© BRYAN SATALINOMost DNA does not code for proteins. And figuring out how, when, and where this genomic “dark matter” plays a role in gene regulation is a huge undertaking. Now, scientists have developed a tool that could help. In a paper published today (April 3) in Nature Biotechnology, a team from Duke University in Durham, North Carolina, describes a high-throughput screening technique that uses CRISPR-Cas9 epigenome editing to identify regulatory elements in the genomes of human cells.
“It turns out that most of the genetic variation that’s responsible for more common complex diseases—like cardiovascular disease, diabetes, and neurological disorders—actually happens in this region in between genes,” said coauthor Charles Gersbach of Duke. “The exciting thing is having methods available to annotate the function of the noncoding genome,” he added.
“The noncoding genome is vast, and it can be challenging to identify which regions are important for modulating protein-coding genes,” Neville Sanjana of New York University, who was not involved in the study, wrote in an email to The Scientist. This study “harnesses CRISPR pooled screening technology to help us figure out where the functional regions in the noncoding genome [are],” he explained.
Gersbach and colleagues created lentiviral libraries of guide RNAs to target likely regulatory elements across several megabases of DNA surrounding two loci of interest: β-globin and HER2. They then generated cell lines with an integrated fluorescent protein to report on target gene activation.
The authors transduced their cell lines with one of two versions of the Cas9 protein with deactivated nuclease activity, dubbed dCas9. The repressor form of dCas9 recruits proteins that methylate lysine 9 on histone H3, leading to heterochromatin formation and gene repression in target sequences. The activator form of dCas9 binds to targeted DNA enhancers or promoters and facilitates the acetylation of lysine 27 on histone H3, which results in gene activation.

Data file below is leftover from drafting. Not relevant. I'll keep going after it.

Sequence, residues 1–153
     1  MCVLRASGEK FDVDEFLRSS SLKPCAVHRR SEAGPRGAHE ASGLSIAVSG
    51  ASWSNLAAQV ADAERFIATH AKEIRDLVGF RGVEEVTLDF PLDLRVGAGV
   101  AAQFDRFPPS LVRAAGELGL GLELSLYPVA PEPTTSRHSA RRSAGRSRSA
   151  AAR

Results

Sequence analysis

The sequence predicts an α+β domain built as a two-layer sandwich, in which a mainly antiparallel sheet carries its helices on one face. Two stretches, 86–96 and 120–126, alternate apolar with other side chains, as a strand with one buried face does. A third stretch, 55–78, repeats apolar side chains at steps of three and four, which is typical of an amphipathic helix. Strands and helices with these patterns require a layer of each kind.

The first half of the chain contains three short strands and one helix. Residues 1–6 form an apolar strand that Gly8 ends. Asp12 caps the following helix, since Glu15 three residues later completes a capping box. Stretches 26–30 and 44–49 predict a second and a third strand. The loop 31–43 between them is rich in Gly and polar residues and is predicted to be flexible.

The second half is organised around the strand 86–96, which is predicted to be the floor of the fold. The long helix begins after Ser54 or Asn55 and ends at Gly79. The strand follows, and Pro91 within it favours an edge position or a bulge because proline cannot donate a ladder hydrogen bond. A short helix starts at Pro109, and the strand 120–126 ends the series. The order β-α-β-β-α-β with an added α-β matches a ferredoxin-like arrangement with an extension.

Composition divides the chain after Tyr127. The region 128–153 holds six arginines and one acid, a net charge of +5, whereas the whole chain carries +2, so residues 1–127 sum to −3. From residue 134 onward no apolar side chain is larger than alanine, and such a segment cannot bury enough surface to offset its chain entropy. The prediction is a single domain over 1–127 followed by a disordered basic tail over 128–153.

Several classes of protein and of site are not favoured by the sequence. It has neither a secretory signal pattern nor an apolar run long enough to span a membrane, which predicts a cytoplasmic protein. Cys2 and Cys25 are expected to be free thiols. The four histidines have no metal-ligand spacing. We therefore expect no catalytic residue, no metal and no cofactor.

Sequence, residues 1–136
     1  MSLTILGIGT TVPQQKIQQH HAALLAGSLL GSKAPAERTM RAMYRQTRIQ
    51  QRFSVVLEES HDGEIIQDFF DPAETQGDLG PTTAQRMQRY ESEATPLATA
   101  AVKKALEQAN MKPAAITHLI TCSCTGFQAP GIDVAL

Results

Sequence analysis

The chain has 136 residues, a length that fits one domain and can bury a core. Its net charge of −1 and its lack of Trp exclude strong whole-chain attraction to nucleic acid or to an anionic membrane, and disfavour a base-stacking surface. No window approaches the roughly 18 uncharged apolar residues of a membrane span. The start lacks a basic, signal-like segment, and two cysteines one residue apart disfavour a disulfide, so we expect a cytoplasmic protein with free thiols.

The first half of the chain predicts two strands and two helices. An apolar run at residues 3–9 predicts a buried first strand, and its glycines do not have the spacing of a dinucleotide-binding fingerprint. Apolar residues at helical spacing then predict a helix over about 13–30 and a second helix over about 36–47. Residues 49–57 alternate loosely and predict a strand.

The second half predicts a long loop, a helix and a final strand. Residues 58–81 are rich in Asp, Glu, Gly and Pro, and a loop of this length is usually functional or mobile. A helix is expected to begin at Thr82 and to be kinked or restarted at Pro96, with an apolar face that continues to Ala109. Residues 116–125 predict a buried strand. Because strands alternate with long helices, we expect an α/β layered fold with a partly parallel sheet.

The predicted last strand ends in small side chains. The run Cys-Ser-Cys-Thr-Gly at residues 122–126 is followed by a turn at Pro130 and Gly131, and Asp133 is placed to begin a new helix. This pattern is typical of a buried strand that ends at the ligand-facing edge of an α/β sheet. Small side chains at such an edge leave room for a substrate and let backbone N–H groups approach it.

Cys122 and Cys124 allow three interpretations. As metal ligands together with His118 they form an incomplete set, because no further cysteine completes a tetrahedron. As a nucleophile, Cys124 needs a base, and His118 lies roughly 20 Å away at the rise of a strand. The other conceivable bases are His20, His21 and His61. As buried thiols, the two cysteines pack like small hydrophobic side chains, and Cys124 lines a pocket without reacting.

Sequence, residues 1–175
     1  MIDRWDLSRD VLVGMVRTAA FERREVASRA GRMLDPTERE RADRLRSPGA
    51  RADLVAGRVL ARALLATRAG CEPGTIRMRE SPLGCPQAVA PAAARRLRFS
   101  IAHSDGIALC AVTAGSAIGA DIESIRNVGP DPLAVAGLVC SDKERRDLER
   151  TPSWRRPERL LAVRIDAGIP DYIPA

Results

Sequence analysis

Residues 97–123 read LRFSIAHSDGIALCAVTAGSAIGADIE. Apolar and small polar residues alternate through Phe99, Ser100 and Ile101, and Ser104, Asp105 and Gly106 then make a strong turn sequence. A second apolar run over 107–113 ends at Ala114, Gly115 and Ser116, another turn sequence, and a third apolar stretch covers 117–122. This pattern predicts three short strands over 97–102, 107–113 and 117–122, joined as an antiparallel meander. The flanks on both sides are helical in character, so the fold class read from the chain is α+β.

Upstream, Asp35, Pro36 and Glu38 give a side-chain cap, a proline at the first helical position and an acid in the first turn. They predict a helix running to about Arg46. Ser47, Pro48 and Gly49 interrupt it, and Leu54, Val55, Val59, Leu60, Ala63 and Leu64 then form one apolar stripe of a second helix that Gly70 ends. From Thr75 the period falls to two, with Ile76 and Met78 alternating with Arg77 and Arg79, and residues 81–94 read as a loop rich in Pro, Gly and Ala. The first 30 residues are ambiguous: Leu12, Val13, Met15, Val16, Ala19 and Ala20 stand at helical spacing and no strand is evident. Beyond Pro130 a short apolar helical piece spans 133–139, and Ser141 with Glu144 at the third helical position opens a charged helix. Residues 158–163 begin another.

Next, the researchers transduced their cell lines with the libraries of guide RNAs at low levels to ensure that a single guide RNA would be present in each cell. They then sorted the cells based on fluorescence, and sequenced the guide RNA present in cells with especially high and low target gene expression.
Sequence identification confirmed known regulatory elements and revealed new roles for other DNA sequences. Many—though not all—of these sequences appeared in both activator and repressor screens. And some sequences seemed to play a regulatory role for a gene in one cell type, but not for the same gene in another cell type. Although the observed changes in gene expression were subtle, the authors validated the regulatory role of individual DNA sequences.
“We know that there are several aspects of the epigenome that correlate very strongly with changes in gene regulation, and it’s always been a struggle to turn those observations into a real understanding of how genes are actually regulated,” coauthor Tim Reddy of Duke told The Scientist.
“We don’t yet know if the particular epigenetic modification that we observe is the causal one,” Reddy said. “But we do know now from this, and from other work from our labs and others, that modifying the epigenome does indeed have a role in regulating some of these target genes.”
Richard Sherwood of the Brigham and Women’s Hospital in Boston, who did not participate in the study, said that this screening technique could help researchers interpret the large amounts of genomic data that has been generated as part of projects like ENCODE. “It’s exciting: the more tools we have in the toolbox, the more different questions we can approach,” Sherwood said.
Reddy, Gersbach, and their colleagues are working to scale up the screening technique, in order to examine candidate regulatory elements throughout the entire genome across different cell and tissue types. They also plan to leverage the technique in efforts to better understand certain diseases.
“There are so many places where we know gene regulation contributes to disease,” said Reddy. “Now we can start to get really clear new insights into the mechanisms that are causing those diseases, and those mechanisms themselves might be a pathway for therapy. Those mechanisms might help guide better diagnostics, they might help differentiate patients who do or do not respond to therapy, [and] that can inform better patient therapeutics.”
T.S. Klann et al., “CRISPR-Cas9 epigenome editing enables high-throughput screening for functional regulatory elements in the human genome,” Nature Biotechnol., doi:10.1038/nbt.3853, 2017.